Question on punt return strategy

Remember when teams used to send two guys back to return punts? At some point it became universal wisdom that one is better than two. Does anyone know why?

You would think the extra guy back could help with blocking, especially this year with return production down so drastically. Also a lot of balls bounce for extra yards because one guy can’t cover the whole field. Everyone plays 11 guys on the line of scrimmage, but it’s not like we’re seeing a lot of blocked punts either.

.....good question.....the only thing that pops to mind is that teams are attempting more fake punts than ever before and maybe having two men off the LOS is too much.....

one danger of two men back is they sometimes get their signals crossed as to who will take the ball.

Also, 1 man back give extra chance to block or rush the kick.

yeah, having to guys to get the ball puts the kicking team to a 9 to 11 disadvatage, and thus more risk of a block punt, weathers one guy back puts it at a much safer 10 to 11.

.....one spelling, syntax, logic and synonym mistake for every five words, nice KK, real nice....

I'd like to see someone try a 2-man return formation to see what would happen.

That’s simple, you would likely see the punt get blocked and possession to the D at a better position to score then if the punting team kicked, and/or used one or no guy in the back behind the kicker.

So do you want to regain posesion assuming the player gets the ball back, and that rare, have the return team start on the 20 yard line, or you 50 yard line?

What the hell are you talking about??

check it now.

I dont think you understand that this topic is about the number of kick RETURNERS that are back for the RECEIVING team.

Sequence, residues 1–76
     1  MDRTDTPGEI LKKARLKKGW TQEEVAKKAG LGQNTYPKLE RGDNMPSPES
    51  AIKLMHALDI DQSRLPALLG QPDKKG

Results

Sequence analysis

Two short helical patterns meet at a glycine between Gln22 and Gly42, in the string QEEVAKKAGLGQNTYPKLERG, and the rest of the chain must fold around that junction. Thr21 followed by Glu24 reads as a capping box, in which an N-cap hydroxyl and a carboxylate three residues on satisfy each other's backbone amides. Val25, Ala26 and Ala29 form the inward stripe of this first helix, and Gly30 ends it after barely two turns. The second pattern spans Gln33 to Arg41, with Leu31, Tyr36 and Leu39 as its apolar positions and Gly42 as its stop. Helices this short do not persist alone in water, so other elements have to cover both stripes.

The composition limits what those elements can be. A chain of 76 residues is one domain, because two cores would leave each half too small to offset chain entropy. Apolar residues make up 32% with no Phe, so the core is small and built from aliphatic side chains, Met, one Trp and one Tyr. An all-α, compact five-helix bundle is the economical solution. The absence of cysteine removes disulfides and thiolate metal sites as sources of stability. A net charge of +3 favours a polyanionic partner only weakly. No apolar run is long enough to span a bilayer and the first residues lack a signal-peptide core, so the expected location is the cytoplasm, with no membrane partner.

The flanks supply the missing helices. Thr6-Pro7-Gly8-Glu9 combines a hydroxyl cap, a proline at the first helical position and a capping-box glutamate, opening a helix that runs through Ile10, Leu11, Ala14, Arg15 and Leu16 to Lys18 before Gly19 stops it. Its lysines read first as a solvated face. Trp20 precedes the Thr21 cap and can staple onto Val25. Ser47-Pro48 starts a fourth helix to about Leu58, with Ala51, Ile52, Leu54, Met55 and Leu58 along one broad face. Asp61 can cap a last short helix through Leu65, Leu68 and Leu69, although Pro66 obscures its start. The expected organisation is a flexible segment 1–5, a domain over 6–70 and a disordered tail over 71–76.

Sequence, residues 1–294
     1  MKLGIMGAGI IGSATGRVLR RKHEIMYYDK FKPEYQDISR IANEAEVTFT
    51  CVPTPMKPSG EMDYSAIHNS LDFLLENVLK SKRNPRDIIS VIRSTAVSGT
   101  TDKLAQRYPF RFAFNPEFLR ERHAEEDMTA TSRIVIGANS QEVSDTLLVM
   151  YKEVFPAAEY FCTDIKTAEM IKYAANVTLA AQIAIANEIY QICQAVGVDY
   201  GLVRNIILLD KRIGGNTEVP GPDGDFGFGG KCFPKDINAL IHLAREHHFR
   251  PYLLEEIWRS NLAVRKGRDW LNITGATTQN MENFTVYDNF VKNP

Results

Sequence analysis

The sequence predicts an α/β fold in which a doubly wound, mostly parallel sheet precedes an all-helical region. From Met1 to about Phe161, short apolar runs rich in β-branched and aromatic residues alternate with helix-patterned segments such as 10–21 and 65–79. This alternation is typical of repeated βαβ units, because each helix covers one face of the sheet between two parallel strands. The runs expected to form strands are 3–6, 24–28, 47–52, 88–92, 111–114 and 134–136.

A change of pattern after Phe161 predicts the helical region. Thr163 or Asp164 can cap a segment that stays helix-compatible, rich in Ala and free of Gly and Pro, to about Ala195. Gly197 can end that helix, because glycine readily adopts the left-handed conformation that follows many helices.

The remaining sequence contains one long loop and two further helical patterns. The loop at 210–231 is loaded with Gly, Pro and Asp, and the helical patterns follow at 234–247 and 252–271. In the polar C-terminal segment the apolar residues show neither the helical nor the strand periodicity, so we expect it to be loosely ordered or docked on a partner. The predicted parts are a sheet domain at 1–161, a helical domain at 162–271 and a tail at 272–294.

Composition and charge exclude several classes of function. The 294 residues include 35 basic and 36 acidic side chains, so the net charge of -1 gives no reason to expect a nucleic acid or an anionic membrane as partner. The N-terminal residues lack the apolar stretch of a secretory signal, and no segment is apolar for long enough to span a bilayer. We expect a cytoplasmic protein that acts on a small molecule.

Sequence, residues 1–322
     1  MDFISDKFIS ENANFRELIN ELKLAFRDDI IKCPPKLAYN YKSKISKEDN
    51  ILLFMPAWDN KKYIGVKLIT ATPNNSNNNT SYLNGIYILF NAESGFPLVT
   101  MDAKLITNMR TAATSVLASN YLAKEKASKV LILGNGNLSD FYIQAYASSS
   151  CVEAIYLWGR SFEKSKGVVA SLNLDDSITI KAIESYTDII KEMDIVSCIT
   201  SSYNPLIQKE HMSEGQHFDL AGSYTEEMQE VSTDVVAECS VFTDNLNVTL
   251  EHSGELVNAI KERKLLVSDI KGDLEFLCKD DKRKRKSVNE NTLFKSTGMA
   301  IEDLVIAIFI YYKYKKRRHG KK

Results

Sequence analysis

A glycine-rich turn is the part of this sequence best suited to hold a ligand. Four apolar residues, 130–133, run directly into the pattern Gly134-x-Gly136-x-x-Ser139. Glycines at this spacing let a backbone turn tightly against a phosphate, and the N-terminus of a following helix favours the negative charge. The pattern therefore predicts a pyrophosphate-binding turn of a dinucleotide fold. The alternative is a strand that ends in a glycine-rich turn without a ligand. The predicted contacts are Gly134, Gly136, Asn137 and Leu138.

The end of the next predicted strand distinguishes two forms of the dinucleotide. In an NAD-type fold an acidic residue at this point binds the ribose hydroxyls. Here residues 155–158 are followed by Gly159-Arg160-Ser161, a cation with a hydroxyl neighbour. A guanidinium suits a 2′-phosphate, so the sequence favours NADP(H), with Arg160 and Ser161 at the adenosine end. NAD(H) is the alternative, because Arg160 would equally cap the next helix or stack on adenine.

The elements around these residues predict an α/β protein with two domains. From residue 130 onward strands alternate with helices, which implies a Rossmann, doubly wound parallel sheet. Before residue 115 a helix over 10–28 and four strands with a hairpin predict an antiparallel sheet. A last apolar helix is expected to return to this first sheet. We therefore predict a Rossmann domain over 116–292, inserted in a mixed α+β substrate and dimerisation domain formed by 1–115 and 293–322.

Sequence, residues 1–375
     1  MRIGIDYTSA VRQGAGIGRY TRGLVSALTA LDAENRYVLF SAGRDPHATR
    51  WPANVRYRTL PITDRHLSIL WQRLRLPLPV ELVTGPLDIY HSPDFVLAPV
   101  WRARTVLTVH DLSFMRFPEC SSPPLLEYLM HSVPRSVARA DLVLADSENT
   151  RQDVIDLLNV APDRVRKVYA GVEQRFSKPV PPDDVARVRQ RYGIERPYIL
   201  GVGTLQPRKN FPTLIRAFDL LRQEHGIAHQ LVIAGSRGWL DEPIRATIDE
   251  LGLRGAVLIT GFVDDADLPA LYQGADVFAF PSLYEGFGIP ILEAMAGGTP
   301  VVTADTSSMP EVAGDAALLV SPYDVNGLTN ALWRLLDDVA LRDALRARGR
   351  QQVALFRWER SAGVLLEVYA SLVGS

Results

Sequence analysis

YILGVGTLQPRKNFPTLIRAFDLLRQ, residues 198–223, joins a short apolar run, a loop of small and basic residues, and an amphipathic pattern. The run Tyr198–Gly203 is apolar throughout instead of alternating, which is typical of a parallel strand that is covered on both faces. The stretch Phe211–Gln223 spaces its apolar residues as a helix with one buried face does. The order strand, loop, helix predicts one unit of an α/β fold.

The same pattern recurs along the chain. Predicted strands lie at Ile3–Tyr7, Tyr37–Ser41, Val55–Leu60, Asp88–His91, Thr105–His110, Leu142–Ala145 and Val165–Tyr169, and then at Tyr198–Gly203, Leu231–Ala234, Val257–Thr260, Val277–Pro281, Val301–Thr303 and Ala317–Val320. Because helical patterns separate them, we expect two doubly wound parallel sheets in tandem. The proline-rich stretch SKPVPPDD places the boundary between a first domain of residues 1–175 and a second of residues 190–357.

each team has a primary returner. this is who they want returning the ball. with two returners the punter can direct the punt away from the best returner. with only one returner they will often choose to aim out of bounds thus reducing the distance downfield they can kick the ball. the strategy of only having one returner has been part of the reason we see less returns for touchdowns nowadays as the punters have learned it is better to lose yards and kick it out of bounds than kick for distance and get burnt.
his is the explanation that i have been given multiple times and i can buy into it except for this... then why two kickoff returners? esp as this is when the kicker can't hoof it out of bounds to avoid you??

because there is no rush to block the kick.

hmmmm maybe. but it still gives the kicker the ability to kick to the weaker recevier. could you not just have an extra blocker not quite as deep? i suspect that they way it is done is best as someone would have tried changing it up at some point. but i could buy the idea of the combination of having only your strongest returner back and extra player rushing to block the punt would explain it.

Sure, it does. That is precisely why Landry returned so few kicks last season. Kickers were aiming at the other guy. The key is having two capable returners. With Levingston, Bruce and Stokes, the Argos are a good example of a team you would not want to kick to anyone.

By the way, if my memory isn't failing me, I think I remembered seeing Calgary defend a place kick by puting three kick returners in the end zone this season. I questioned the move because that made one less man rush the kicker and I always though you could cover all the endzone with two returners.

three return men in the endzone usually occurs at the end of a close game where one point can win or tie it. if the team misses the field goal they don't want to let it bounce out the endzone and this way they cover the whole area and have blockers ready to ensure they get it out. the other option is to kick the ball back out but then the other team can try to kick it back in. i can't imagine why else a team would use three back like this

jm02, translation please? :wink:

I do notice that 90% of the kicks are towards the sidelines. I guess thats to "pin" the receiver into a smaller area.